A nonfiction work explores society and culture through the lens of tabletop games.
Board games have undergone a resurgence in recent years—perhaps partly, debut author Moriarity argues, as a rejection of the ubiquity of digital entertainment—but they have been with us for centuries. They often replicate some aspect of real life: war, wealth accumulation, resource management. In this way, they provide an intriguing mirror of the society in which they are created. “This is not a book of strategy tips or game reviews,” writes Moriarity at the beginning of this volume. “It is about the things games can teach us about ourselves. Each chapter focuses on one or two game titles…and draws out a revealed lesson in history, psychology, philosophy, society or culture.” Moriarity, a gamer-turned-writer, and Kay (Among the Truthers, 2017, etc.), a writer-turned-gamer, take turns, chapter by chapter, pulling at those threads that they find most interesting. Kay uses Settlers of Catan—the first European title to become highly popular in the United States—to examine how European board games in the postwar years tended to focus on peaceful, creative themes in contrast to the conflict- and competition-driven American ones like Risk. Moriarity reveals how The Game of Life—the 1960 reimagining of Milton Bradley’s original 1860 game The Checkered Game of Life—dispensed with its predecessor’s concept of moral choice and replaced it with a deterministic quest to gain material wealth. In addition to providing a window into society, games offer players an opportunity to learn (sometimes unwittingly) about other segments of society. Kay discovers how two games—Greenland and 1812: The Invasion of Canada—made him think about and even identify with different cultures. Moriarity (in a chapter called “Horrible People”) confronts her prejudices about the sort of people who love Cards Against Humanity.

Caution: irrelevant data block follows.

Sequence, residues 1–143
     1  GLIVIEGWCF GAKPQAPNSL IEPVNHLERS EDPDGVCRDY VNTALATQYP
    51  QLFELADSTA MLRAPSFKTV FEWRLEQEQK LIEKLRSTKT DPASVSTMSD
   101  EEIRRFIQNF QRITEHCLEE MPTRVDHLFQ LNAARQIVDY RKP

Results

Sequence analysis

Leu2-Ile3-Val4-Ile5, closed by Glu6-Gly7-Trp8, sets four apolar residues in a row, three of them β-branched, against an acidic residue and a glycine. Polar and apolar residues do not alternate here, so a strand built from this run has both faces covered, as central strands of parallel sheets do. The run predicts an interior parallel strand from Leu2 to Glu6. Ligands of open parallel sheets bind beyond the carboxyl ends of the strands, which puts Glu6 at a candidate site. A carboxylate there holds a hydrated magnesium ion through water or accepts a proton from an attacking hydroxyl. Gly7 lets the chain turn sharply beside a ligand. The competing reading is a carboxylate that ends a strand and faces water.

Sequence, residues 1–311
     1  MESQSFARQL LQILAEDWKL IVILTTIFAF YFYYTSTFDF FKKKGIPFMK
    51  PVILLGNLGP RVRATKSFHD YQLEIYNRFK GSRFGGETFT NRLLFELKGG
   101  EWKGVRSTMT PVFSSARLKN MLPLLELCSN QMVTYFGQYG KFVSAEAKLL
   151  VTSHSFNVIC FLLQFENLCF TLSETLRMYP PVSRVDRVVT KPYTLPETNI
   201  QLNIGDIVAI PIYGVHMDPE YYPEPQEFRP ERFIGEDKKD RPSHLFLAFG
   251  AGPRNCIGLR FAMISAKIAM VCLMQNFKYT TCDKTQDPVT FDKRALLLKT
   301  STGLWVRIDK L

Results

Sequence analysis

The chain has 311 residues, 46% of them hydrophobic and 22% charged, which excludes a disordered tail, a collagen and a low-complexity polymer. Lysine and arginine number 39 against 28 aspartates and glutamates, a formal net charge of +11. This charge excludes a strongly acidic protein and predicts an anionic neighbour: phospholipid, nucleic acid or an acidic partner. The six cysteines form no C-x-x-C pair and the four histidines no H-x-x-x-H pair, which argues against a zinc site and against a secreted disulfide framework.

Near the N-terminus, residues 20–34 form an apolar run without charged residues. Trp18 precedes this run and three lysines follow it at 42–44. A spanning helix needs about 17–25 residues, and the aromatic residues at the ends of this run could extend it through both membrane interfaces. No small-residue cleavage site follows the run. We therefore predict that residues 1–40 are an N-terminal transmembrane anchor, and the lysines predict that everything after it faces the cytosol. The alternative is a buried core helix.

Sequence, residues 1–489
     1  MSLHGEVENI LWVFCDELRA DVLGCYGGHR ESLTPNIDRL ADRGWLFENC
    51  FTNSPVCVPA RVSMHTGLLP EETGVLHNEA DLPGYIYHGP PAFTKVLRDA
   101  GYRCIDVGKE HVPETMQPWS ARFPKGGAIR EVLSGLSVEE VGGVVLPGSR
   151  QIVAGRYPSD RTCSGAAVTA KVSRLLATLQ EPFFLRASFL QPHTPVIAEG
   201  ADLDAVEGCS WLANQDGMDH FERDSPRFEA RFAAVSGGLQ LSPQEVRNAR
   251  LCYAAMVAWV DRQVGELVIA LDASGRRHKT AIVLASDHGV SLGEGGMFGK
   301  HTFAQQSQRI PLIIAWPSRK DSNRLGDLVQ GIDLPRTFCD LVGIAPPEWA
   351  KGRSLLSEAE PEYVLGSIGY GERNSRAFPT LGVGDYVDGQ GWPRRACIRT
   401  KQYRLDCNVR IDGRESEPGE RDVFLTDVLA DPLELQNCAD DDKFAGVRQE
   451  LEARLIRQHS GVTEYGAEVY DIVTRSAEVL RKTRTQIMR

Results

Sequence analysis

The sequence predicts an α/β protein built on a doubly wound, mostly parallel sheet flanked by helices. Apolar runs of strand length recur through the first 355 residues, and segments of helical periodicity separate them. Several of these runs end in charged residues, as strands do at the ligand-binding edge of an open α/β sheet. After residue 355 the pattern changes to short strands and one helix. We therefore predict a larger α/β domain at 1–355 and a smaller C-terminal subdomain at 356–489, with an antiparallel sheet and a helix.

Kay and Moriarity are both skilled writers and elucidators, and their voices are distinct enough to provide the book with a pleasing yin and yang. Their dueling chapters on Monopoly skillfully illustrate their various interests. Kay comments on how the game’s poor-get-poorer, rich-get-richer mechanic is “characteristic of a certain dynamic observed in nature, engineering, and human relationships, one that mathematicians sometimes describe as unstable equilibrium.” Moriarity, meanwhile, focuses on the psychological benefits—and worsened gameplay—of the popular but noncanonical Stupid Free Parking Rule: “I am using the word ‘rule’ in the loosest possible sense because there is, in fact, no such rule—which is a big part of the problem.” The authors include a mix of classic titles that most readers will know (Scattergories, Scrabble, Dungeons & Dragons), with more-complex offerings from the tabletop world (Pandemic, Dead of Winter, Legend of the Five Rings). It’s a far more perceptive and intriguing book than it appears at first blush, particularly for those readers who have never thought of games as an artistic medium—at least not one that comments on society. Regular gamers will enjoy these takes on familiar titles. And readers just discovering the tabletop renaissance will likely want to play some of these games themselves.
An illuminating book that both introduces and critiques an often overlooked art form.